Opponents of Ohio Statehouse maps consider next moves as federal redistricting intervention looms
There is an array of activity among the groups fighting against unconstitutional, Republican-drawn state legislative district maps which are set to go into effect — by federal intervention — on Saturday.
Since the Ohio Supreme Court rejected the fifth round of proposed maps from the Ohio Redistricting Commission, a federal court ruling to implement unconstitutional maps is set to go forward by a May 28 deadline.
But a coalition of community organizations is calling on the federal court to back up the supreme court’s ruling which gives the redistricting commission until June 3 to adopt a sixth attempt at House and Senate district maps.
“I think it’s best solved at the supreme court. I believe that they gave rulings that are in line with the state constitution and I think that the state should be the one to handle this issue,” said Jeniece Brock, Ohio Organizing Collaborative policy and advocacy director.
The Ohio Organizing Collaborative and other voting rights organizations, such as the League of Women Voters, are also considering the possibility of changing the redistricting laws to make it an independent process. This was a suggestion made by Ohio Supreme Court Chief Justice Maureen O’Connor, a Republican, in several rulings.
While those groups consider their options, Rep. Jeff Crossman (D-Parma) has filed criminal complaints against the Republican members of the redistricting commission.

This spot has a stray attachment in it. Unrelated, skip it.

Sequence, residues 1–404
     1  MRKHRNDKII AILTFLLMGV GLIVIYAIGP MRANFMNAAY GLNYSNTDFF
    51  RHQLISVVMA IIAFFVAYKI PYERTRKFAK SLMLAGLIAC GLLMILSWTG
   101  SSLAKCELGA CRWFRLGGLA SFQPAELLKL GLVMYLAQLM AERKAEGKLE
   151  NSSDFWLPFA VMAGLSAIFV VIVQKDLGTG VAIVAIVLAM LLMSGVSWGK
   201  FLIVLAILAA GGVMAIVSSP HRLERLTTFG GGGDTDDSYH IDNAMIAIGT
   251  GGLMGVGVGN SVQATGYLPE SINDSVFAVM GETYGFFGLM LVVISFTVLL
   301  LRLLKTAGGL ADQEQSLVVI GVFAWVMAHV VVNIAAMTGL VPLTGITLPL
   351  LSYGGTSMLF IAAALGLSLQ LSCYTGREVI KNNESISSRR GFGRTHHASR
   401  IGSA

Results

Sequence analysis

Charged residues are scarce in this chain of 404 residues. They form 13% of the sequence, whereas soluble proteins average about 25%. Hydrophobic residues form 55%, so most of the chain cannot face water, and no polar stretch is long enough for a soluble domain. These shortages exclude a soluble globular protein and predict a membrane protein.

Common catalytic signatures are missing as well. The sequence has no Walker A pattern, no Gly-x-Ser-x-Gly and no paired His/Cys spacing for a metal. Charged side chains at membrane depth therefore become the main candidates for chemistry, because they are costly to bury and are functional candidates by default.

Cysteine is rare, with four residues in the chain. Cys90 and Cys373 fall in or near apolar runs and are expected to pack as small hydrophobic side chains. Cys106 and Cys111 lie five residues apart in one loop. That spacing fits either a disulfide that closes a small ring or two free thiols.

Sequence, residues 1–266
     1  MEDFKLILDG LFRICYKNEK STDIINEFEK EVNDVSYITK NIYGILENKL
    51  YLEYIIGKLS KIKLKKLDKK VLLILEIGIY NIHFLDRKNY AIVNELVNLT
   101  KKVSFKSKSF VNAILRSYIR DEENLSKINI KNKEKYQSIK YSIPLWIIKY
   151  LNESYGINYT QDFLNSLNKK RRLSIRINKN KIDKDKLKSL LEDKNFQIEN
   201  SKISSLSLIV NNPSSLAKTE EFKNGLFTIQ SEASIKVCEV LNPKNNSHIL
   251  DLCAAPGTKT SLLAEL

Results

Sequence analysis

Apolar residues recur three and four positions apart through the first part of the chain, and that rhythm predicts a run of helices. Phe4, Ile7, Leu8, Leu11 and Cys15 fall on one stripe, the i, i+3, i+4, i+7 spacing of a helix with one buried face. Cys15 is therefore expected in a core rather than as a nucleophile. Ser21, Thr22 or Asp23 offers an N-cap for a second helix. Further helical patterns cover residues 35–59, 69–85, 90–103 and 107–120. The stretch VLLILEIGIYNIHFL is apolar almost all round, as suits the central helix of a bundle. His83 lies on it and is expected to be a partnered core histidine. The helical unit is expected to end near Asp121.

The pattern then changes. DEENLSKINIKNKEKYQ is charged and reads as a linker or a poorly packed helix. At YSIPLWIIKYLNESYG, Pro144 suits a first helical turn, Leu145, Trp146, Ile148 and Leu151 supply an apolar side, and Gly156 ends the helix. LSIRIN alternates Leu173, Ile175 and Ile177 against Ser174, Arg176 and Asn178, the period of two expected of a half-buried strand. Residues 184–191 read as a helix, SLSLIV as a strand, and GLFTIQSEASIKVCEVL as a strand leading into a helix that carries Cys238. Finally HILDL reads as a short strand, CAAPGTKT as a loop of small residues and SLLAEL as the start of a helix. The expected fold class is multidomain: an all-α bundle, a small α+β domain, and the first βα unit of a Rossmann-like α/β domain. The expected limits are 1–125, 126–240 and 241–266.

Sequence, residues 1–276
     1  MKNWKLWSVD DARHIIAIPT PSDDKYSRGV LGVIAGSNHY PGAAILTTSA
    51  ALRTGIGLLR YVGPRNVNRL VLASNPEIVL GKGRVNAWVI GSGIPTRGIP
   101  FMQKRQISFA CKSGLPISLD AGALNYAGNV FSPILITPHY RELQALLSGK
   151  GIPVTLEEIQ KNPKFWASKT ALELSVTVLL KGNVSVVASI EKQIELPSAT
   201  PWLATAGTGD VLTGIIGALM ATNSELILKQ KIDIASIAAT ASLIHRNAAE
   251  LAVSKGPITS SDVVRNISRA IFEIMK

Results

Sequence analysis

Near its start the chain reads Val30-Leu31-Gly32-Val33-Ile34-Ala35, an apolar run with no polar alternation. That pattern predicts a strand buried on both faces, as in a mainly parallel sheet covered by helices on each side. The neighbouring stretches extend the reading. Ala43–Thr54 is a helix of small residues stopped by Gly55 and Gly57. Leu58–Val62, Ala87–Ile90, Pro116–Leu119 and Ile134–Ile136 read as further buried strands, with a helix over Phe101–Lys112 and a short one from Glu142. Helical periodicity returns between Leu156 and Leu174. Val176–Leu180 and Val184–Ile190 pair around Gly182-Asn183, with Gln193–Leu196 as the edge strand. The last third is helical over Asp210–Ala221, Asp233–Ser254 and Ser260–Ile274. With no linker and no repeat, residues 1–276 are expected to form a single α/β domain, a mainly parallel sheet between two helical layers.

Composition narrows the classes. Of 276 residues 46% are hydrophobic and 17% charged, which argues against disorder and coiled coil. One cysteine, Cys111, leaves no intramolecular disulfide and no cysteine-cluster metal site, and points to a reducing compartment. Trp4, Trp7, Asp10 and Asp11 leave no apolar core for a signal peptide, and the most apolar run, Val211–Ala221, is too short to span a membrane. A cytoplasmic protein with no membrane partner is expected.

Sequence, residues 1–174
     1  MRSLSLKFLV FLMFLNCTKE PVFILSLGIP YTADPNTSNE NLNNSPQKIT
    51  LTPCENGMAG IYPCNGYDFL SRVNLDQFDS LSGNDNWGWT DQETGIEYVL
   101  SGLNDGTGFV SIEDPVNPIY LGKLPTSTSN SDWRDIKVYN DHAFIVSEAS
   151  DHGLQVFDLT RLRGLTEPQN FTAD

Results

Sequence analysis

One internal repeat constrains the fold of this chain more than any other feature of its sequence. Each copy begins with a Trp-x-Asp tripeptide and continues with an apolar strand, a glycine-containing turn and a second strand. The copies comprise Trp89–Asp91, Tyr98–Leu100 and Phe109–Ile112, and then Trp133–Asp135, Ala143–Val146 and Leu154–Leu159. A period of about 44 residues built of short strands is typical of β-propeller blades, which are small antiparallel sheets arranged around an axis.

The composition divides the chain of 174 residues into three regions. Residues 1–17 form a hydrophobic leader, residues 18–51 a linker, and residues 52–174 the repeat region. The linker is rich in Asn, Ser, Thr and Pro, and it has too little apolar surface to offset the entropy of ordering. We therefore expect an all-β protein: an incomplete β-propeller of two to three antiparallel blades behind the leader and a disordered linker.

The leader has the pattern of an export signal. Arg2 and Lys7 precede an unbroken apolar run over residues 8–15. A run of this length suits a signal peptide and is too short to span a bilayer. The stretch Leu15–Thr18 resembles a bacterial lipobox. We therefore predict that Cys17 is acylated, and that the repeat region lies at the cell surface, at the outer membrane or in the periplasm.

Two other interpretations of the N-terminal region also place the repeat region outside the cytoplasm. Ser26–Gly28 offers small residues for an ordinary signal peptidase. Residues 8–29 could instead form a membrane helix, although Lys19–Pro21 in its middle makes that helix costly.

“They’ve basically created a constitutional crisis here by ignoring the will of the voters and ignoring the directive of the supreme court,” said Crossman, who’s running for Ohio attorney general.
The criminal complaints filed by Crossman include counts of dereliction of duty and interference with civil rights. He said this is a move to hold elected officials accountable after the supreme court decided not to continue with contempt of court hearings.
“The Republican redistricting commissioners have showed nothing but contempt, nothing but contempt, for the process, for the voters, and for the constitution,” said Crossman.
Crossman included Auditor Keith Faber, a Republican, in the complaints. Faber did not vote for the last three sets of maps.
Spokespeople for the Republican redistricting commissioners slammed Crossman’s complaints and dismissed the action as a political stunt.
The Ohio Republican Party pointed out that Crossman was notably present for some votes and absent for others on the House floor Wednesday. Crossman did not cast a vote on two controversial issues that could be on the statewide ballot; one that changes bail laws (HJR2) and another to ban non-citizens from voting in elections (HJR4).
“Political stunts like Crossman's frivolous complaint may be designed to boost his failing campaign, but it hardly makes up for neglecting his responsibilities as a state representative and lying about why he is missing votes,” said Dan Lusheck, Ohio Republican Party spokesman.
The Ohio Redistricting Commission has submitted to the Ohio Supreme Court five times and the court has invalidated their plan every time as unconstitutional. The most recent plan was a resubmission of maps already rejected in March.
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